Currently on my Macomber loom is the second set of four prayer shawls which will be finished shortly after the High Holidays in mid-September. So in the next month, I will need to finish weaving the body of the tallitot and also weave a separate set of four atarot. The second set of prayer shawls will be those worn for every day use, and the tallitot called Ner Tamid will be worn for special occasions such as holidays, weddings and Bar/Bat Mitvahs.

One of four prayer shawls on the loom

Above is the design I am weaving for the second set of prayer shawls.  They are also woven in natural tencel and bamboo yarn.  As with the first set I am weaving two panels for each prayer shawls, and these have been threaded side by side on the loom and woven simultaneously so that the woven color bands will be of equal size. I haven’t named this set yet, but I’m sure that something will reveal itself to me during the weaving process.

As the days grow shorter at the beginning of this school year, I will expect longer and uninterrupted blocks of time so that I can finally finish this project. It has been a rewarding journey, and I am really looking forward to seeing the rabbis and cantor wearing the new tallitot at the beginning of the Jewish New Year 5771.

Don’t Judge A Book By Its Blank Pages

Memphis is ranked 58th out of 71 most literate cities in a 2008 study conducted by Central Connecticut State University.  This is based on the community’s number of bookstores,  the number of libraries and the rate of circulation, residents’  book purchases through online sites, number and circulation of local newspapers and magazines, and percentage of citizens with a bachelor’s level education. In this case, 58 is not a number that Memphians should be proud of.  Perhaps not reading literate, we are however literate in the arts, music, theater, fine craft and fine food. Memphis thrives in all of these areas. If anyone ever picks up a newspaper around here, they’ll see pages and pages of music venues, theatre and ballet performances, fine restaurants representing a global diversity and of course, my personal favorite —  galleries, shops and fairs representing the growing number of  fine craft artists in the Memphis area.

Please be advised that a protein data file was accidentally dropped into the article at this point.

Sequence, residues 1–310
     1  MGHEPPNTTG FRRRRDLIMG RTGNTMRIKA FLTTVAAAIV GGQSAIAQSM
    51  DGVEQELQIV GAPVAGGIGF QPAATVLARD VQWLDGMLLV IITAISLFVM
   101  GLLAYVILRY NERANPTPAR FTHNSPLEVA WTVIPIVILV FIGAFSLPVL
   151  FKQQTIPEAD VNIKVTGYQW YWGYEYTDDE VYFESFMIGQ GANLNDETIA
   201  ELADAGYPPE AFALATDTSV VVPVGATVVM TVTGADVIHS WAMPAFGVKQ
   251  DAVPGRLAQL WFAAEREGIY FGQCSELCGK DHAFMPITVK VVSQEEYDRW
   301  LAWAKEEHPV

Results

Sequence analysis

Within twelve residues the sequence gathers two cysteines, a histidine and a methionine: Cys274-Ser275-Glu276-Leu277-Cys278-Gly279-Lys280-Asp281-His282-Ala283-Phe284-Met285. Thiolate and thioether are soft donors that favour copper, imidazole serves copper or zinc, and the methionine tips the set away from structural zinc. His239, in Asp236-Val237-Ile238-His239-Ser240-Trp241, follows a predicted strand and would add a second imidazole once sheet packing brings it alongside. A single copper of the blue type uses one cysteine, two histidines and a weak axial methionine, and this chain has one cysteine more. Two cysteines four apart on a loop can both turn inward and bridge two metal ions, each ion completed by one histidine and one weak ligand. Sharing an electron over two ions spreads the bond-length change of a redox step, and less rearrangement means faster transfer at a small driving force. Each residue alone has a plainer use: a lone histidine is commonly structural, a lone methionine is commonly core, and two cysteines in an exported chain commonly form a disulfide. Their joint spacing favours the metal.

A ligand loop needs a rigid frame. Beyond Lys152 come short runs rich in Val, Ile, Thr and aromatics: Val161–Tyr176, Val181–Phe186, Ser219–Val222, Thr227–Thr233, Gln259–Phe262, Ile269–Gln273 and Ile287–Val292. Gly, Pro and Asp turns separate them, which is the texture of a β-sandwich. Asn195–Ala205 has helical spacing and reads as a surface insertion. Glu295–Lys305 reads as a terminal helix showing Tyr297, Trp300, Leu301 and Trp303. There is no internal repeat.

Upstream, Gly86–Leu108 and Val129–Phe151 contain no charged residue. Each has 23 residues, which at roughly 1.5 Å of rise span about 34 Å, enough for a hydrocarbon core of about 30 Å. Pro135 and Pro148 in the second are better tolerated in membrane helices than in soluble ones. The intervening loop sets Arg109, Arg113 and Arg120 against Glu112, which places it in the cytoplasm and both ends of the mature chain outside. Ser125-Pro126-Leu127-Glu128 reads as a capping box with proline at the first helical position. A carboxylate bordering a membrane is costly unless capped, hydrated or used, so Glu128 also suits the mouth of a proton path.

This weekend, March 26 to 28, Memphis Association of Craft Artists in conjunction with Christian Brothers University will be having their second annual “Celebration of Fine Craft”.  Over 35 area artists will be showing and selling their work in a variety of media including  clay, wood, glass, metal, jewelry, paper and fiber.

MACA - A Celebration of Fine Craft

If you are in Memphis, please plan on joining us for our opening reception Friday evening (March 26) from 5:00 to 9:00 in the Canale Arena on the campus of Christian Brothers University.  Artists will be selling their work at the reception and then again on Saturday, March 27 from 10:00 AM to 6:00 PM and Sunday, March 28 from 11:00 AM to 5:00 PM.

And if you are visiting my booth, I will be selling books!  Yes, hand bound books whose covers and pages are hand cut and then covered with hand printed batik fabric from Indonesia.  Though Memphians may not be writing in these books according to our less than illustrious #58 ranking among literate cities, they may sketch, draw, or paint in them. Use the pages to glue theater ticket stubs, attach photos of local bands, stick wine labels on them, copy recipes, jot down those elusive and growing computer passwords.  Just to list a few ideas…because my books are empty! So, as the title says, “Don’t Judge A Book By Its Blank Pages”.  Same goes for Memphis.

Handbound book bound in "Belgian Secret Binding" , hand printed Indonesian batik fabric cover.

Handbound book bound in "Belgian Secret Binding", handprinted Indonesian batik fabric cover

Inside cover with decorative batik fabric and handmade Thai mango paper lining

Handbound book bound in "Belgian Secret Binding", handprinted Indonesian batik fabric cover

Handbound book bound in "Belgian Secret Binding", handprinted Indonesian batik fabric cover

Handbound book bound in "Belgian Secret Binding", handprinted Indonesian batik fabric cover

Inside cover with decorative batik fabric and mulberry paper lining